congressional-operations

At the White House and in Congress, a Slow Start on Nominations and Confirmations
A detailed look at how Trump compares to past presidents

President Donald Trump has submitted fewer nominations to the Senate than his predecessors had at this point in their presidencies. (Tom Williams/CQ Roll Call File Photo)

Senate Leaders Spar on Republican Efforts to Repeal Obamacare
Weekly clashes could become the norm as health care remains top focus

Senate Minority Leader Charles E. Schumer used his post-policy lunch media appearance on Tuesday to blast Republican efforts on health care. (Tom Williams/CQ Roll Call)

It’s only the first full work week since the Senate received the House-passed measure to reorder the nation’s health insurance system, and leaders in both parties are wasting no time hurling criticism at each other over how to approach the legislation.

Using the time reserved for leadership press conferences after Tuesday’s policy lunches, Republicans criticized Democrats for refusing to come to the table and negotiate a fix to a health care system they described as in chaos. Democrats accused the GOP of crafting a bill in secret, by an all-male working group, that would drastically reduce benefits for vulnerable people.

Rand Paul Wants to Know if Intelligence Community Spied On Him
Makes public details of request to President Trump

Sen. Rand Paul wants to know if he was under surveillance. (George LeVines/CQ Roll Call file photo)

Sen. Rand Paul is renewing a request to know if he was subject to surveillance by the intelligence community during the Obama administration.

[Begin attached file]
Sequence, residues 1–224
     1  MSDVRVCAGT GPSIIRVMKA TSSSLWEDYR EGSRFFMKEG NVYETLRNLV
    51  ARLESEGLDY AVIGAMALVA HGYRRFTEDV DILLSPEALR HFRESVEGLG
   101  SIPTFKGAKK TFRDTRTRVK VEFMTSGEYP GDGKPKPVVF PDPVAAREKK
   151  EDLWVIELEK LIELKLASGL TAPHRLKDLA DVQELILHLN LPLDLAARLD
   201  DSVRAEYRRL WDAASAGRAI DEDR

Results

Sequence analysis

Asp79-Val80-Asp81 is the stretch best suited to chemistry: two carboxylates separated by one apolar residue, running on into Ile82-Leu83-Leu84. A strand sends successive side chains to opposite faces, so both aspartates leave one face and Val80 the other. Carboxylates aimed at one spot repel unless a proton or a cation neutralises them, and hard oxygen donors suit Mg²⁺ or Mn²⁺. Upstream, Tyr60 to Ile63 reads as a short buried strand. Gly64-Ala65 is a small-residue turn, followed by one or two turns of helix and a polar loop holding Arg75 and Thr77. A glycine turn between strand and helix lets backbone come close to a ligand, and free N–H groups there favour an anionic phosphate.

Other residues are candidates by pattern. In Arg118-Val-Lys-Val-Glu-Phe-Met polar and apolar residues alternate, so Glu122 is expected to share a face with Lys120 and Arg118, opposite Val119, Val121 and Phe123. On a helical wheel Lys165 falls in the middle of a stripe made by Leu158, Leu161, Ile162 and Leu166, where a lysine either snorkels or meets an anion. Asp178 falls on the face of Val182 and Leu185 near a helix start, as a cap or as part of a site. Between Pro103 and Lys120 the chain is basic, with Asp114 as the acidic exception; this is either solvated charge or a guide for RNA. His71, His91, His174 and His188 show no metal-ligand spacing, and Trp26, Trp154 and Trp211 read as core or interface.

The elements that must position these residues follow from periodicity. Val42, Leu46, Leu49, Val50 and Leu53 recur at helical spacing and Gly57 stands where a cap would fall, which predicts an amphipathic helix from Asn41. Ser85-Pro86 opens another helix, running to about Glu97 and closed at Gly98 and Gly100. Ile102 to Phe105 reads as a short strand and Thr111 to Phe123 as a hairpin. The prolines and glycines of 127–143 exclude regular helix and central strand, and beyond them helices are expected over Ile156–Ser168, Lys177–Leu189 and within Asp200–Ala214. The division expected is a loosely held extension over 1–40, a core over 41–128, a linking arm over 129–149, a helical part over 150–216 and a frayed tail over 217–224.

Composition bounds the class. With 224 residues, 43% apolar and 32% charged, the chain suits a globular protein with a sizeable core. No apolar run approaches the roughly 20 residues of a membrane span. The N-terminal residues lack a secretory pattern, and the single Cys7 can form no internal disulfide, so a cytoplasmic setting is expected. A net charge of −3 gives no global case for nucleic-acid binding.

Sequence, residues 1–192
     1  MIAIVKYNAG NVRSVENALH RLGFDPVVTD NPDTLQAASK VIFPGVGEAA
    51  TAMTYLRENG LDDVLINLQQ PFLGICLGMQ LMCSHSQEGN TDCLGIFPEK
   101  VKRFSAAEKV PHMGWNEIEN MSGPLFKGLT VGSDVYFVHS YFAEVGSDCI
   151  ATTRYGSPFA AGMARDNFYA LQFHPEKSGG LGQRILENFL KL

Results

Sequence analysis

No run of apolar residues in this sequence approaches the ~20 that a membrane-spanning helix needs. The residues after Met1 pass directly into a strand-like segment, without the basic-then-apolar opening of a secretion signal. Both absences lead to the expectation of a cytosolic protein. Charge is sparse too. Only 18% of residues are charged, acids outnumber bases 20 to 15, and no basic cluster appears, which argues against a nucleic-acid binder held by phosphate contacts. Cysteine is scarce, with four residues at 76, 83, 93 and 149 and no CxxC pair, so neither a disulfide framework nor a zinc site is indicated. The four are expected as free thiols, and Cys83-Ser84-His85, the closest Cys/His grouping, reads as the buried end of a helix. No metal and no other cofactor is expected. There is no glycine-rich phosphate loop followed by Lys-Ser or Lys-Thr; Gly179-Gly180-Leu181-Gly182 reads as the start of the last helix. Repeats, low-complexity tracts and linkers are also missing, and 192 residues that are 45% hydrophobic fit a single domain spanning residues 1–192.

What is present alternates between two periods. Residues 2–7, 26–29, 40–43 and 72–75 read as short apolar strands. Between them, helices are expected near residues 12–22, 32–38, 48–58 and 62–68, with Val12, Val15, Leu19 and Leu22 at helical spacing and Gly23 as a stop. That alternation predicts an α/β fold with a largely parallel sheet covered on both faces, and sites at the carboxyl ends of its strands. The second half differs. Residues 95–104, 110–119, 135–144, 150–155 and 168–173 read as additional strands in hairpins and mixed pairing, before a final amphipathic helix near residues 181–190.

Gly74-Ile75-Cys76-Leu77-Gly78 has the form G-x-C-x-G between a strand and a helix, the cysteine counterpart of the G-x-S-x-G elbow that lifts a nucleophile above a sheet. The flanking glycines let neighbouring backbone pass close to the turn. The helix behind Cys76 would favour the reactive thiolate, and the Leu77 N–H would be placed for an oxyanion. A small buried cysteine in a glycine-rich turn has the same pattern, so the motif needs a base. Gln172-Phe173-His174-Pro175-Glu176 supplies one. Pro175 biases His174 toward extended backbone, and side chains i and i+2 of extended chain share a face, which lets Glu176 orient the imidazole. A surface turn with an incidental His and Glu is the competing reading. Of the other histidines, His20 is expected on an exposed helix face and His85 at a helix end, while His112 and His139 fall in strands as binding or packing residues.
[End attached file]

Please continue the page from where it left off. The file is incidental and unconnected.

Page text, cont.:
“This inquiry goes beyond just myself and my office,” the Kentucky Republican said in a statement Friday. “The American people need to know if their elected representatives in the Legislative branch have been swept up in Executive branch surveillance.”

New Calls for Public Access to Secret Congressional Reports
Privacy policy at Congressional Research Service full of holes, critics say

New Jersey Rep. Leonard Lance introduced a bill with Illinois Rep. Mike Quigley that would require reports from the Congressional Research Service to be made public. (Tom Williams/CQ Roll Call File Photo)

The secrecy surrounding Congress’ in-house think tank came under fire again Wednesday, with transparency advocates on and off the Hill renewing calls for free public access to its in-depth policy briefs. 

Rep. Leonard Lance, a New Jersey Republican, and Mike Quigley, an Illinois Democrat, reintroduced a bill the same day that would require all the reports produced by the Congressional Research Service to be published on a government website.

Key Republican Members Talk Health Care Deal With Trump
High-profile holdouts Upton and Long discuss changes to bill

Rep. Billy Long, R-Mo., and other key Republican members met with President Donald Trump to see if they could be brought on board to the GOP health care bill. (Tom Williams/CQ Roll Call file photo)

By Erin Mershon and Lindsey McPherson/CQ Roll Call

Reps. Fred Upton of Michigan and Billy Long of Missouri, the most high-profile holdouts on the Republican health care overhaul, are meeting with President Donald Trump Wednesday morning to discuss a policy change that could bring them on board with the plan.

Omnibus Shows Concerns About Congressional Cafeterias
Including issues with the quality of the food on the House side